Back in November, we alerted you to a potentially significant development in non-lithium long-duration storage. One of the companies was Form Energy, which based its battery on oxidizing and reducing iron. Oxidized iron is, of course, also known as rust. Clearly, iron is a lot cheaper and more abundant than lithium. An iron-air battery was an old idea, but Form was touting a 100X improvement in cycle life with an initial 1 MW product that could hold 150 MWh of energy. That put it squarely in the “desirable” range as a commercial product. This first system is going to Great River Energy in Minnesota but has not yet been installed.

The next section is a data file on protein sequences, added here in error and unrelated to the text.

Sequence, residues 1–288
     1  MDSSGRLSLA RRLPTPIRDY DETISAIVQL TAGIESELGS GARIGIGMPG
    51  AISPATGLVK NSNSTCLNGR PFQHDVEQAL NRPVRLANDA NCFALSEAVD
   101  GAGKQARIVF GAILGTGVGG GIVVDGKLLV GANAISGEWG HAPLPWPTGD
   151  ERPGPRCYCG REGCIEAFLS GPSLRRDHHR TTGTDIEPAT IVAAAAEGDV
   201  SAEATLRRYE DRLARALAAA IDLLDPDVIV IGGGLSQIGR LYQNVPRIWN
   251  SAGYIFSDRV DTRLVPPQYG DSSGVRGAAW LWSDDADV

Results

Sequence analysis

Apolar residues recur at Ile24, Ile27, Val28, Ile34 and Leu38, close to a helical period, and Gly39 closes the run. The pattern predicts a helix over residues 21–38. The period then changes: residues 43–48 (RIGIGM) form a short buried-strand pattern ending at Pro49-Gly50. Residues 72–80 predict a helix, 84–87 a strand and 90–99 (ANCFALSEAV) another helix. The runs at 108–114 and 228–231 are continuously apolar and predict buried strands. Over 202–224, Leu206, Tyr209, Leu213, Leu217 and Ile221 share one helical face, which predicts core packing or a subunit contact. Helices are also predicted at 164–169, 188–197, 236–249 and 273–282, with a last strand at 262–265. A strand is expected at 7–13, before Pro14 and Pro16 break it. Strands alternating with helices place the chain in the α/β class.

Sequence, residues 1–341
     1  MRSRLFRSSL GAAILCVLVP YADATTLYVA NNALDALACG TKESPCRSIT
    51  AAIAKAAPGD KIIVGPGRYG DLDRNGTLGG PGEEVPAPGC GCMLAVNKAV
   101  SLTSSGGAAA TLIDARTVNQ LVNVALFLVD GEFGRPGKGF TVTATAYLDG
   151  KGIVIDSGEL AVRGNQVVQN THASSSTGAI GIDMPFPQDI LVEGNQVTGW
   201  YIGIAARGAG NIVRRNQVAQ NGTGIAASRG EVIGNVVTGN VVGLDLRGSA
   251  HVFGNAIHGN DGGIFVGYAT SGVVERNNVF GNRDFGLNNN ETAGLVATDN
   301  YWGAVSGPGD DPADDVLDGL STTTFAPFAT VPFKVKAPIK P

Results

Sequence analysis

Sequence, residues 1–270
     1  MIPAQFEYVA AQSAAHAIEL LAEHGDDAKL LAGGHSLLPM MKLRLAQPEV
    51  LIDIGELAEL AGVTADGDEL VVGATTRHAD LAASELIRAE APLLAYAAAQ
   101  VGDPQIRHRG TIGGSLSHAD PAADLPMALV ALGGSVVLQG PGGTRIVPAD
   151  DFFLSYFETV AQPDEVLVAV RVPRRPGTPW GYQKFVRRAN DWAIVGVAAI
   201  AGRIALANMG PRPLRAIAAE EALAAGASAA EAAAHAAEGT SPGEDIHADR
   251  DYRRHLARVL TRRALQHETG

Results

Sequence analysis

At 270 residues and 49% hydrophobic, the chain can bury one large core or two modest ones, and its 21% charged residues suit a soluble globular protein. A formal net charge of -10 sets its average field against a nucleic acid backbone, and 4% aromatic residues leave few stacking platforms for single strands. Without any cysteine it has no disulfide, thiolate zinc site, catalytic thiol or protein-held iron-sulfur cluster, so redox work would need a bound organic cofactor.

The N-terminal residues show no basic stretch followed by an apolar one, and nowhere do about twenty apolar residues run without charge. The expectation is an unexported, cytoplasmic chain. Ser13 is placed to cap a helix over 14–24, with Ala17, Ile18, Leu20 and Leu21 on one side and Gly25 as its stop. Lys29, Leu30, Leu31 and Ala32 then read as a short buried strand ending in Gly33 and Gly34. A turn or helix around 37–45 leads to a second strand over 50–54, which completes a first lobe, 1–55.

Now Form has signed a contract for two 10 MW, 1,000 MWh systems with XCEL Energy and a 15 MW system with a 1500 MWh capacity with Georgia Power. As one commenter noted, the Georgia Power system would hold more MWh than all the other utility storage systems installed in the country to date.
Form’s battery releases energy slowly, so it is not really a technology ideal for EVs. But slow discharge is perfect for long-duration applications.
ABOUT THE AUTHOR
Gary Simon is the Chair of CleanStart's Board. A seasoned energy executive and entrepreneur with 45 years of experience in business, government, and non-profits.